Mythic slams EQII auction site

Station Exchange comes under fire from a chap who doesn't wish he thought of it first at all.

It's not even up and running yet, but Sony Online Entertainment's new Everquest II auction site has come under attack from a fellow MMORPG developer.

As we reported last week, Station Exchange is designed to let players buy and sell items, coins and characters in a secure online environment. Until now Sony has taken a firm stance against such activity but says it is launching the site to protect EQII players, all of whom are at it anyway.

Sony's rivals, however, don't seem to think it's such a good idea. In fact, in an interview with industry site Game Daily, Massive Entertainment CEO Mark Jacobs described the move as "one of the worst decisions in the history of the MMORPG industry."

"I'm disappointed with the decision from a leader in the industry to go down a path which in the past has been an anathema to them and remains so to just about every other MMORPG company," he said.

Jacobs went on to highlight what he sees as potential problems with the site, such as increased fraud, tax implications and legal difficulties, and criticised Sony for taking a percentage of all sales as a service charge. He also said that "SOE may be painting themselves into a creative corner" due to issues of item deletion and server changes.

"Will SOE have to consider now and forever the ramifications of every major change they make to the game based on the possibility that users will not only be dissatisfied on an 'entertainment level', but now will be angry from a 'financial level' as well?" he said. Probably whilst banging his fist on a table.

Jacobs also criticised Sony's argument that Station Exchange will drastically cut the workload for SOE customer services as less people will fall victim to fraudulent transactions.

"While the number of these complaints may decrease, won't SOE's representatives have to spend more time dealing with players who are seeking to monopolise the best revenue-generating spots?" he said.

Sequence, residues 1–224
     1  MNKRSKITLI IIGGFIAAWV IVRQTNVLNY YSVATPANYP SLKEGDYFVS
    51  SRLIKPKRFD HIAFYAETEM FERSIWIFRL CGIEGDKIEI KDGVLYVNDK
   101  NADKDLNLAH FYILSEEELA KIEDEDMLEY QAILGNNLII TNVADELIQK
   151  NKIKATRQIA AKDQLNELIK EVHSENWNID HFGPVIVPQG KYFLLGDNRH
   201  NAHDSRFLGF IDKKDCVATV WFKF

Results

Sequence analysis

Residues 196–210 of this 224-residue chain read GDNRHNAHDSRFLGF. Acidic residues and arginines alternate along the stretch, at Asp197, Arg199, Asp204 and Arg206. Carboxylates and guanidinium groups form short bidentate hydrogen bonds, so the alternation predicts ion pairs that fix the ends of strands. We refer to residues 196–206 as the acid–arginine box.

"This type of behavior is already a problem in many online games and by directly tying their game systems to a real money auction system, this type of behavior is likely to increase."

Jacobs said Mythic has no plans to start messing around with such sites in the future, in case you hadn't guessed, and has already turned down opportunities to do so.

"We remain committed to keeping our games as games and not as opportunities to encourage behavior that runs counter to their spirit of creativity and entertainment.

"We will gladly 'leave money on the table' to ensure that whether or not you like our games, that they remain as that, games and not an entertainment version of day-trading," he said, before having a bit of a sit down and a few deep breaths until the steam stopped coming out of his ears.

SOE president John Smedley was quick to respond to Jacobs' comments, issuing a statement which read: "Come on then meet me outside in five minutes no blades."

Oh all right then, which read: "Unsanctioned virtual property auctions are now rampant, and will continue to grow whether or not publishers implement their own auction sites.

"It is clear to us that we have many loyal and honest players who simply don't have the time to take multiple characters through the game's higher levels of play and want a sanctioned, secure means to broaden their play experience."

Smedley went on to reaffirm SOE's prediction that the burden on customer services will be reduced by the new site, stating that all possible measures will be taken to keep things above board and that "we will not allow the gameplay experience to be hindered by unfair play, whatever form that may take."

He then explained that dedicated servers will allow players to choose whether or not they want any involvement at all with the auction site.

"When a player chooses to play on an Exchange-enabled server, they know that they will be playing with other like-minded players and that they will have the option of supplementing their own character's evolution through the Station Exchange," he said, stressing, "It will be an optional way to play our game."

So there you have it. Station Exchange = hypocritical money-grabbing exercise that will ruin the whole point of everything ever, or optional gameplay enhancement offering welcome protection from thieving online gippos? You decide.

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